Presented in association with
The Greater Glasgow branch of Hope not Hate
he Ballymurphy Massacre was a series of incidents involving the killing of eleven civilians by the 1st Battalion, Parachute Regiment of the British Army in Ballymurphy, Belfast, Northern Ireland. The killings happened between 9 and 11 August 1971, during Operation Demetrius. The shootings have also been called Belfast Bloody Sunday, a reference to another massacre of civilians by the same battalion a few months later.
The Northern Ireland Troubles had been ongoing for two years, and Belfast was particularly affected by political and sectarian violence. The British Army had been deployed in Northern Ireland in 1969, as events had gone beyond the control of the Royal Ulster Constabulary.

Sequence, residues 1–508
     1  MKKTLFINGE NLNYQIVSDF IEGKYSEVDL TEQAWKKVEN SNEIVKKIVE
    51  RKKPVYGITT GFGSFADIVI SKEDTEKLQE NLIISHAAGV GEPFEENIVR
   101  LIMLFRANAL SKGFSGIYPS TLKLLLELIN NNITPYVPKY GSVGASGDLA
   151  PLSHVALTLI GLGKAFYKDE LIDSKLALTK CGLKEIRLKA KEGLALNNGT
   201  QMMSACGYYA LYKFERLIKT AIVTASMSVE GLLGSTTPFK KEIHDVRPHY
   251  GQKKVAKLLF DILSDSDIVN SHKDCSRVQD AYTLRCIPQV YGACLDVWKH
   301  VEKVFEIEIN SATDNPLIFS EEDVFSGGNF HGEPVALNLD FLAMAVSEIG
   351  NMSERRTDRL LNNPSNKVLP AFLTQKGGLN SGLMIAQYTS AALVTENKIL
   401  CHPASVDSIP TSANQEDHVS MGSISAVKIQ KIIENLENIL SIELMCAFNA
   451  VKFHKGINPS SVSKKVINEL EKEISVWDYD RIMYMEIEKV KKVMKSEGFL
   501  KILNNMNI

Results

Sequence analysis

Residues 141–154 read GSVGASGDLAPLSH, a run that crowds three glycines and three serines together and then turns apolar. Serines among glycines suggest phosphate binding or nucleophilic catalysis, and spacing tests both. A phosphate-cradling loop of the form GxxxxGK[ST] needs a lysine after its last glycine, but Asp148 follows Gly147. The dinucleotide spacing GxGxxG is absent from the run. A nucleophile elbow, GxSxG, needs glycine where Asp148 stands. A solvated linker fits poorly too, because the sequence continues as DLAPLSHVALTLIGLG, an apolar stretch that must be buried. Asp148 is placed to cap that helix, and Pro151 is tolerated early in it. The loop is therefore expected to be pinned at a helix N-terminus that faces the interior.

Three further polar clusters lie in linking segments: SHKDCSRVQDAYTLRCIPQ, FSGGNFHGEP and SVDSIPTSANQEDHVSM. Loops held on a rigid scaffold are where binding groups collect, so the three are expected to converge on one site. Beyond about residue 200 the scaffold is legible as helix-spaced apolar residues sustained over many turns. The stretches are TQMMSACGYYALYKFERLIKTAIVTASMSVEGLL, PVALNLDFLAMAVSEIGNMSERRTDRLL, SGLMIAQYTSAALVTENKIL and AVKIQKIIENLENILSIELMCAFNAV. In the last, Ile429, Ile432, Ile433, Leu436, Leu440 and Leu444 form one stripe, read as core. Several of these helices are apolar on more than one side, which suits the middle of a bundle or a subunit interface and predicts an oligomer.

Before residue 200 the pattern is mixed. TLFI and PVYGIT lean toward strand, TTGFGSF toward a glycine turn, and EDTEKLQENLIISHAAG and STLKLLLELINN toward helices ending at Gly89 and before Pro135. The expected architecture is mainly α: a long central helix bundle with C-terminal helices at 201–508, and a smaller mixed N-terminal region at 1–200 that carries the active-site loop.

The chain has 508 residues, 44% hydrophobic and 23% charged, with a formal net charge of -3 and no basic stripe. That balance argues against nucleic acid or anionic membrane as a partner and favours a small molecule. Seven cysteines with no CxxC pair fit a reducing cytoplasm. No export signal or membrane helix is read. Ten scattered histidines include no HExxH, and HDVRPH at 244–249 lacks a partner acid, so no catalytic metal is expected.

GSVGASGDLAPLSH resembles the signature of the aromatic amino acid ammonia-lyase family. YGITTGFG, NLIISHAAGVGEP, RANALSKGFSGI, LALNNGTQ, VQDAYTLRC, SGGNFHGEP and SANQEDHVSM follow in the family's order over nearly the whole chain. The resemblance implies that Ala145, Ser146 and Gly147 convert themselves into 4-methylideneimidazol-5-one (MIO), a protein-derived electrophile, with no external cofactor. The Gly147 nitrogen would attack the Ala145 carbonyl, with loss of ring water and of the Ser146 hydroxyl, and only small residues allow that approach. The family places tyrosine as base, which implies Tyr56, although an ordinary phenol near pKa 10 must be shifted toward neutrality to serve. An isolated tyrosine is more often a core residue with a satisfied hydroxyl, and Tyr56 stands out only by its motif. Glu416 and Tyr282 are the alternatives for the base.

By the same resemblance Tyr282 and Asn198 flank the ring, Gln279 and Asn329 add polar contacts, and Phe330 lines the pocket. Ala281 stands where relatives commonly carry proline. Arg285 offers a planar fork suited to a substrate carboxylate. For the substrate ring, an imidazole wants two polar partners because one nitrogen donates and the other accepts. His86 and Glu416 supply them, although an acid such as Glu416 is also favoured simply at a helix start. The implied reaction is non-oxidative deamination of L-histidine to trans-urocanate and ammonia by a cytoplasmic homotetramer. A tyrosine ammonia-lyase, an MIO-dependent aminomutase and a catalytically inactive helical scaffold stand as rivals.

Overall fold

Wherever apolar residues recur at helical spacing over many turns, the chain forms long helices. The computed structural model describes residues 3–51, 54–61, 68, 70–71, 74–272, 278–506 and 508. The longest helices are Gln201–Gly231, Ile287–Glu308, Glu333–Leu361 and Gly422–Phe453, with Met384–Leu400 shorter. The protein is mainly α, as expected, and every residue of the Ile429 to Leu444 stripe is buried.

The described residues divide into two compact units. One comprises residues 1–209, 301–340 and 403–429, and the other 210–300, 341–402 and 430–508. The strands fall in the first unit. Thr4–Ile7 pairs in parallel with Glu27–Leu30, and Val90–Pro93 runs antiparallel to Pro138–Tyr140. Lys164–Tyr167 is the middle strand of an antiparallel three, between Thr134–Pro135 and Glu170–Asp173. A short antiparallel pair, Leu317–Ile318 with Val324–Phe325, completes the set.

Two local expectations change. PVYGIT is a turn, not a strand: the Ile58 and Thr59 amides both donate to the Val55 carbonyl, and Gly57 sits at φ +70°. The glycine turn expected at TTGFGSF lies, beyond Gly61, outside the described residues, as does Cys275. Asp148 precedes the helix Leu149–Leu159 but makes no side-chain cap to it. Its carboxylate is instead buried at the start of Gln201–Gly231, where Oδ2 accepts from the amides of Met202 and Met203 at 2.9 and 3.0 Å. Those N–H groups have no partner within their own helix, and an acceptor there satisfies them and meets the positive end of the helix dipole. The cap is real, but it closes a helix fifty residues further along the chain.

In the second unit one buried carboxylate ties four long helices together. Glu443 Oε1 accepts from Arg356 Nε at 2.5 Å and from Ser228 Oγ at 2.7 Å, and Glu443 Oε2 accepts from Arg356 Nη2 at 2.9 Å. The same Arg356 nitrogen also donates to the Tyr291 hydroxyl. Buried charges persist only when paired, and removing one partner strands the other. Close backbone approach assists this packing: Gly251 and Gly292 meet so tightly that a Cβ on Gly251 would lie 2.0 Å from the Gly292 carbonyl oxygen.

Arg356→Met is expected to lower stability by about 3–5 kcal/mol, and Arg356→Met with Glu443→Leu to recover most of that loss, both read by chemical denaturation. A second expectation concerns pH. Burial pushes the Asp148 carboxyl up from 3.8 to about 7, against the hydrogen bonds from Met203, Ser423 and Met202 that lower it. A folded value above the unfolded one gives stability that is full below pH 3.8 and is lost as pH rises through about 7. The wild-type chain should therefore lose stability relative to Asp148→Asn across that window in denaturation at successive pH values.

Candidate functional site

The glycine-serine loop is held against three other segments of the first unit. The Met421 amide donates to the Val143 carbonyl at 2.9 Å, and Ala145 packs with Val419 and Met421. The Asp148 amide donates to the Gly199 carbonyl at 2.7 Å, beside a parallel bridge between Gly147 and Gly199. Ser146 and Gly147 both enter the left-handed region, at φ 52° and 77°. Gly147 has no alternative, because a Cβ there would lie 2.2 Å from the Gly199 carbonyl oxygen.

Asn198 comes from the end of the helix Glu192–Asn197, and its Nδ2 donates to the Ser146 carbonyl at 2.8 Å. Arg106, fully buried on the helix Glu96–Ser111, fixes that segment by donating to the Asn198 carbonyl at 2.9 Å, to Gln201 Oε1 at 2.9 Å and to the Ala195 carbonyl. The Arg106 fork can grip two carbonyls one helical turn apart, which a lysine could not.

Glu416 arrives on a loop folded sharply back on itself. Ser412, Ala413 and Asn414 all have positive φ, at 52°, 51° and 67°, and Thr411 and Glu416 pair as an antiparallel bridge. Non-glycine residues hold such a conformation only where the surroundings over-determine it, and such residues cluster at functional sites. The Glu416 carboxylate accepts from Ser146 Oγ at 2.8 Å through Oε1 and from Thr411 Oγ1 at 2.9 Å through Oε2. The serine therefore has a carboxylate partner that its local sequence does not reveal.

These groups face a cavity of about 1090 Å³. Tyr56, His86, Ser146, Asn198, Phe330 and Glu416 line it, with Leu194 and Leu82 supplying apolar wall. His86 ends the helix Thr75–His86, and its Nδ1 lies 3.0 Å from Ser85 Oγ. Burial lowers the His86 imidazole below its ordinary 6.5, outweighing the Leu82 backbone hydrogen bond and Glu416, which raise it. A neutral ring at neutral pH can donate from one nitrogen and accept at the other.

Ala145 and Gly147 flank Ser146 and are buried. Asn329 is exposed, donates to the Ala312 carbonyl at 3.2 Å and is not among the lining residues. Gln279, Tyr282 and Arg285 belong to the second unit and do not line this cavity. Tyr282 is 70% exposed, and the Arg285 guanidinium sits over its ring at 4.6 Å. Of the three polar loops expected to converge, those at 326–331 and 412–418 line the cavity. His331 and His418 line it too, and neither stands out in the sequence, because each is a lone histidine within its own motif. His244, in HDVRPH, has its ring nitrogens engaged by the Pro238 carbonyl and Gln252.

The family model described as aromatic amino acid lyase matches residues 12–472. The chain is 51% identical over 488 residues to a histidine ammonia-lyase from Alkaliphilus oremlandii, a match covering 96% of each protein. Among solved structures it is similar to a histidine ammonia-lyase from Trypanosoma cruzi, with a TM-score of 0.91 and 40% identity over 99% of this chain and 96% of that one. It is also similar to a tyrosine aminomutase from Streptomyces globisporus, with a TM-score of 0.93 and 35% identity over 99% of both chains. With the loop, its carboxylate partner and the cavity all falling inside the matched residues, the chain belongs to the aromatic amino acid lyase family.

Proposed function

On the morning of Monday 9 August 1971, the security forces launched Operation Demetrius. The plan was to arrest and intern anyone suspected of being a member of the Provisional Irish Republican Army. The unit selected for this operation was the Parachute Regiment—the same regiment later responsible for the Bloody Sunday killings in Derry on 30 January 1972. Members of the Parachute Regiment stated that, as they entered the Ballymurphy area, they were shot at by republicans and returned fire.